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Learn to say “Hello” in 50 Languages


For all you language fans out there, and for those looking to just learn something new, here’s a quick look at how to say “Hello” in 50 languages from around the world:

AfrikaansHallo (hello) pronounced Hu-llo

ArabicmArHAbAN-مرحبا (Hello) pronounced Mar-ha-ban Other common greetings are Ahalan and Marhaba

Armenianbarev or parev

Bengali namaskar (In West Bengal, India)

Catalanhola (pronounced o-la)

Chinese — In both Cantonese and Mandarin, it is written as 你好. Cantonese is nei* ho or lei ho (pronounced ne ho or lay ho) and Mandarin is nǐ hǎo (pronounced, nee how). Tone is very important.

Congolese mambo

Croatianbok (informal), dobro jutro (morning), dobar dan (day), dobra večer (evening), laku noć (night)

Czech dobrý den (formal), ahoj (informal; pronounced ahoy)

Danishhej (informal; pronounced hi), goddag (formal)

Dutchhoi (very informal), hallo (informal), goedendag (formal)

Dzongkha (Bhutan)kuzu-zangpo

Estoniantere päevast” (good day)

Egyptian ArabicSalaam Alekum (sulam ulakume) (Goodbye), Ma Salaama (ma sulama) the “U” is pronounced as in “up”

Fijian Bula Uro (Informal Hello) and Bula Vinaka (Formal Hello) is pronounced ‘Buh-la Vina-kah’

Finnish hyvää päivää (formal), moi, terve or hei (informal), moro (Tamperensis)

French —allobonjour (formal, for daytime use; ‘n’ almost silent , pronounced “bun-joor”), bonsoir (good evening; bun-swarr), bonne nuit (good night; bun-wee)

Gaelicdia duit (informal; pronounced dee-ah whu-it; literally “God be with you”)

Georgian gamardjoba

German – Traditionalhallo (informal), Guten Tag (formal; pronounced gootan taag), Tag (very informal; pronounced tahg).

German – Austrian and Bavariangrüß Gott (pronounced gruess got), servus (informal; also means “goodbye”; pronounced zair-voos)

German – Northernmoin or moin moin (pronounced moyn), also moinsen

German – Swisshallo (informal), grüezi (formal, pronounced kind of like grew-tsi), grüessech (formal, used in the Canton of Berne, pronounced grewe-thech)

GreekΓεια σου (pronounced YAH-soo; singular to greet a friend, informal), Γεια σας (plural to be polite, formal) (meaning “health to you”), καλημέρα (pronounced kalee-ME-ra; good morning; formal), καλό απόγευμα (pronounced ka-LOH a-PO-yevma; good afternoon; formal), καλησπέρα (pronounced kalee-SPE-rah; good evening; formal)

Gujarati Namaste,Namaskar,Kemcho

Hawaiianaloha (pronounced ah-low-ha)
Hebrewshalom (means “hello”, “goodbye” and “peace”), hi (informal), ma korae? (very informal, literally means “whats happening” or “whats up”)

Hindiनमस्ते, namaste (nah-mah-STAY)

Indonesian halo (hello), selamat pagi (morning), selamat siang (afternoon), selamat malam (evening)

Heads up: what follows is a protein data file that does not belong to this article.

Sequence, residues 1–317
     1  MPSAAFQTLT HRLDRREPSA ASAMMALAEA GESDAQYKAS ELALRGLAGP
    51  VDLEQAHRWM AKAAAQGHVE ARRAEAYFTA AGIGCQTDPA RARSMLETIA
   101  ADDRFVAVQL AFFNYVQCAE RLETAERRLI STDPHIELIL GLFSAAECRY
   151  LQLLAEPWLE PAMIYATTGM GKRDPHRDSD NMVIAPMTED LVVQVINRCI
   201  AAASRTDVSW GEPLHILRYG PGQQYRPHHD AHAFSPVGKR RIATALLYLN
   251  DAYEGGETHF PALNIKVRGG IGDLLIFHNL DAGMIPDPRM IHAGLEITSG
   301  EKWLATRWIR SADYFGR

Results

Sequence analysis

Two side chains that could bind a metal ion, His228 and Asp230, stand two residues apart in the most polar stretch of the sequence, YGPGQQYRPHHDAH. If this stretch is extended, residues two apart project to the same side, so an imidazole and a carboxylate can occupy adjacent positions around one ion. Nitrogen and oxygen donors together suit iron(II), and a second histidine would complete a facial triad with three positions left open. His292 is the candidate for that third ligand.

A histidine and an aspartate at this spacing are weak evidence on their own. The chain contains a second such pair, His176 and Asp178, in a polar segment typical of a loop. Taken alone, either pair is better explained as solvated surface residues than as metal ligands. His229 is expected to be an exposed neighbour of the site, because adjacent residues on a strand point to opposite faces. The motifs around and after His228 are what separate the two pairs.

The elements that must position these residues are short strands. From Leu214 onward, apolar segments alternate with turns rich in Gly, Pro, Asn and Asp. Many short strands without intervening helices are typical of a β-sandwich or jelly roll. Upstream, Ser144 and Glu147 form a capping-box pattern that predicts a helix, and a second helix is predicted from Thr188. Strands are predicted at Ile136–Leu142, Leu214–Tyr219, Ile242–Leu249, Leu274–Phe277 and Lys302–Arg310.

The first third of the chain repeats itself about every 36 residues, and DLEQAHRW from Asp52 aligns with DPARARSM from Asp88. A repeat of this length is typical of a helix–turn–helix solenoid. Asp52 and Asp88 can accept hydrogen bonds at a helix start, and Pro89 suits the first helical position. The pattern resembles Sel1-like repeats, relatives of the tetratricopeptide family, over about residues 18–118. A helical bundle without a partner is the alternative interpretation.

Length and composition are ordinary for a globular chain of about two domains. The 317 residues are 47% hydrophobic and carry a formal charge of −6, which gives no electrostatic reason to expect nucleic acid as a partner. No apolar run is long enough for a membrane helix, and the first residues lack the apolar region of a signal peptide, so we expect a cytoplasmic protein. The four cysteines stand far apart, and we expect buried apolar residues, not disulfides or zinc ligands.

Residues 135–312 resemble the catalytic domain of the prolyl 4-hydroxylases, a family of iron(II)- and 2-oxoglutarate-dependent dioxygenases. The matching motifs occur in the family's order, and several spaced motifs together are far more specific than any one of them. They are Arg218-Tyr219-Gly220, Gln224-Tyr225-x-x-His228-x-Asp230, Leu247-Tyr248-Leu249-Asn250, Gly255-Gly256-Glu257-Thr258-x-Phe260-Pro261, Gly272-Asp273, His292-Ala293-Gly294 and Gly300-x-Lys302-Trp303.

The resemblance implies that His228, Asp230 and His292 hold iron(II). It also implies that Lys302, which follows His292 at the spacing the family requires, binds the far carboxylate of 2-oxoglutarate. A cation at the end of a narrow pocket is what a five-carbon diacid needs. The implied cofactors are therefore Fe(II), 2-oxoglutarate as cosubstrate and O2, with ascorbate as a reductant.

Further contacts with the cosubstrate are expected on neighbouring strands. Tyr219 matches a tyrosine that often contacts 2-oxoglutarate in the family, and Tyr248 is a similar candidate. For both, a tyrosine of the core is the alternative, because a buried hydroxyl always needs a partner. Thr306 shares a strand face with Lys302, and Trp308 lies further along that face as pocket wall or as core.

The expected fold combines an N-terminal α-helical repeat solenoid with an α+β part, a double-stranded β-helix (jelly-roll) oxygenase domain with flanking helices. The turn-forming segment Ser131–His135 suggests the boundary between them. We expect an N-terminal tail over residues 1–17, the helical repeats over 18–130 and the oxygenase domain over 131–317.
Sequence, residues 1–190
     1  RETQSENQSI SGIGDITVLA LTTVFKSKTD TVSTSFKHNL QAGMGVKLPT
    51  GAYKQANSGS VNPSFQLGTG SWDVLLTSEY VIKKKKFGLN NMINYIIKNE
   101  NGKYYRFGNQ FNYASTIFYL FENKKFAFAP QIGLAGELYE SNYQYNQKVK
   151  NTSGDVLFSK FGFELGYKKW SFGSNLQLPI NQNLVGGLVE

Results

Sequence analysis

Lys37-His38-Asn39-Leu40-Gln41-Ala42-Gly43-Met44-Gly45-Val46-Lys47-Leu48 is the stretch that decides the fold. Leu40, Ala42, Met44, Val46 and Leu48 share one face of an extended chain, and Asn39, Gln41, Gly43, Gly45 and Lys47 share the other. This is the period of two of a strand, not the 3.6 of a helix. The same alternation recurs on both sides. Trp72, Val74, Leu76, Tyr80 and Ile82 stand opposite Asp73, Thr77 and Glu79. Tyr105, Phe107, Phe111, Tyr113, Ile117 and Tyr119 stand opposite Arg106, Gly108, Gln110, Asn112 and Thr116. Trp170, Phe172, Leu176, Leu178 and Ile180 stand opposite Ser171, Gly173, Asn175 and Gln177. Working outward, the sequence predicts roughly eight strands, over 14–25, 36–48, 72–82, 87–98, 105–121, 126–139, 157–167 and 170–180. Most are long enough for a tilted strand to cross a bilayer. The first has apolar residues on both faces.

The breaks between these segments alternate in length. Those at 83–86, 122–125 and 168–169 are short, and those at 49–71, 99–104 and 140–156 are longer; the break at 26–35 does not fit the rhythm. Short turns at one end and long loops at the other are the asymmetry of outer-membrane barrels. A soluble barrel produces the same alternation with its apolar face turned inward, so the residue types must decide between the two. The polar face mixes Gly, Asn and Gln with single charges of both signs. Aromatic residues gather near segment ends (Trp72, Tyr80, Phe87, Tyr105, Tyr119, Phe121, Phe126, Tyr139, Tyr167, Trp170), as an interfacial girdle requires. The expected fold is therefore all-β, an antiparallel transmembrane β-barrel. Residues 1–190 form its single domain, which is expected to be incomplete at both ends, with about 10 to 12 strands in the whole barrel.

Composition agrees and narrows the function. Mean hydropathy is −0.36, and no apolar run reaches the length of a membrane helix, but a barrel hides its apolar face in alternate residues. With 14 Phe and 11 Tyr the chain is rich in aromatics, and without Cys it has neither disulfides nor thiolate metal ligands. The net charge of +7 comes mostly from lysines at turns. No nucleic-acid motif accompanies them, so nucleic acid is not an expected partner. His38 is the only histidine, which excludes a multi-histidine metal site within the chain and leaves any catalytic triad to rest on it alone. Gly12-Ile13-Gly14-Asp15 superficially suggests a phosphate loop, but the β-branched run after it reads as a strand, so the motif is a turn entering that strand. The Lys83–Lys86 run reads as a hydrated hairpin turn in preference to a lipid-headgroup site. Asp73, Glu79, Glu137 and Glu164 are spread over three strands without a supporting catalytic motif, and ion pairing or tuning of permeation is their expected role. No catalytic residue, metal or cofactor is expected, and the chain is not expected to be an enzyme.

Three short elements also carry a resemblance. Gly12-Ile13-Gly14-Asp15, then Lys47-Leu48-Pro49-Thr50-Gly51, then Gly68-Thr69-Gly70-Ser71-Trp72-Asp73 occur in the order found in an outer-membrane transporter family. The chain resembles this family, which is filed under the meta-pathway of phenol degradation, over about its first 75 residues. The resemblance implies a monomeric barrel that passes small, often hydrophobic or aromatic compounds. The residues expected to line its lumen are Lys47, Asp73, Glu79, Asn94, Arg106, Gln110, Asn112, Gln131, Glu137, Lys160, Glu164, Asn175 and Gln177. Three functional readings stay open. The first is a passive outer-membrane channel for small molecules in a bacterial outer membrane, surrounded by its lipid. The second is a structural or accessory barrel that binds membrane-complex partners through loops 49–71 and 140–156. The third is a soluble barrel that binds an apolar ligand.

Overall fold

IrishDia duit (pronounced “Deah Duit”; also means “God Be With You”)

Italianbuon giorno (pronounced bwohn geeornoh; good morning; formal), buon pomeriggio (pronounced bwohn pohmehreejeeoh; good afternoon; formal), buona sera (pronounced bbwoonah sehrah; good evening; formal)

Japanese — おはよう(ございます)ohayoou (gozaimasu) (pronounced o-ha-yo (go-zai-mass); good morning), こんにちは konnichi ha (pronounced kon-nee-chee-wa; daytime or afternoon), こんばんは konbanha (pronounced kon-ban-wa; evening)

Konkani Namaskar, Namaskaru (I bow to thee, formal)’, Dev baro dis div (may God bless you with a good day, informal)

Korean 안녕하세요 ahn nyeong ha se yo (formal), 안녕 ahn nyeong (informal; can also be used to mean “goodbye

Latin (Classical)salve (pronounced sal-way; when talking to one person), salvete (pronounced sal-way-tay; when talking to more than one person), ave (pronounced ar-way; when talking to one person; when talking to someone respected), avete(pronounced ar-way-tay; when talking to more than one respected person)

Maldivian (Dhivehi)kihineth (meaning “how” – the common way of greeting)

Maltesemerħba (meaning “welcome”), bonġu (morning), bonswa or il-lejl it-tajjeb (evening)

Maori kia ora (kia o ra) (literally “be well/healthy” and is translated as an informal “hi.” This term has also been adopted by English speakers in New Zealand), tena koe, ata marie, morena (good morning)

Pirate Ahoy Matey (pronounced Ah-hoi mate-ey, is usually to another crew member)

Persian salaam or do-rood (salaam is an abbreviation, the full version being as-salaam-o-aleykum in all Islamic societies)

Pig Latineyhay (informal), ellohay (formal)

Polishdzień dobry (formal), witaj (hello) cześć (hi, pronounced, “cheshch”)

Portugeseoi, boas, olá or alô (informal); bom dia or bons dias (good morning, good day, used before noon or before the noon meal); boa tarde or boas tardes (good afternoon, used after noon or after the noon meal, until twilight); boa noite orboas noites (good evening and good night, used after twilight).

Punjabisat sri akal

Rajasthani (Marwari)Khamma Ghani sa, Ram Ram sa

Romaniansalut, buna dimineata (formal; morning), buna ziua (formal; daytime), buna seara (formal; evening), buna(usually when speaking to a female pronounced boo-nah or bu-nah)

RussianPrivet! (pronounced as pree-vyet; informal), zdravstvuyte (formal; pronounced ZDRA-stvooy-tyeh)

Samoantalofa (formal), malo (informal)

Spanishhola (pronounced with a silent ‘h’: o-la), qué pasa (Spain, informal), buenos días (“good morning”),buenas tardes (afternoon and early evening), buenas noches (late evening and night).
Urduadaab or salam or as salam alei kum (the full form, to which the reply would be waa lay kum assalaam in most cases)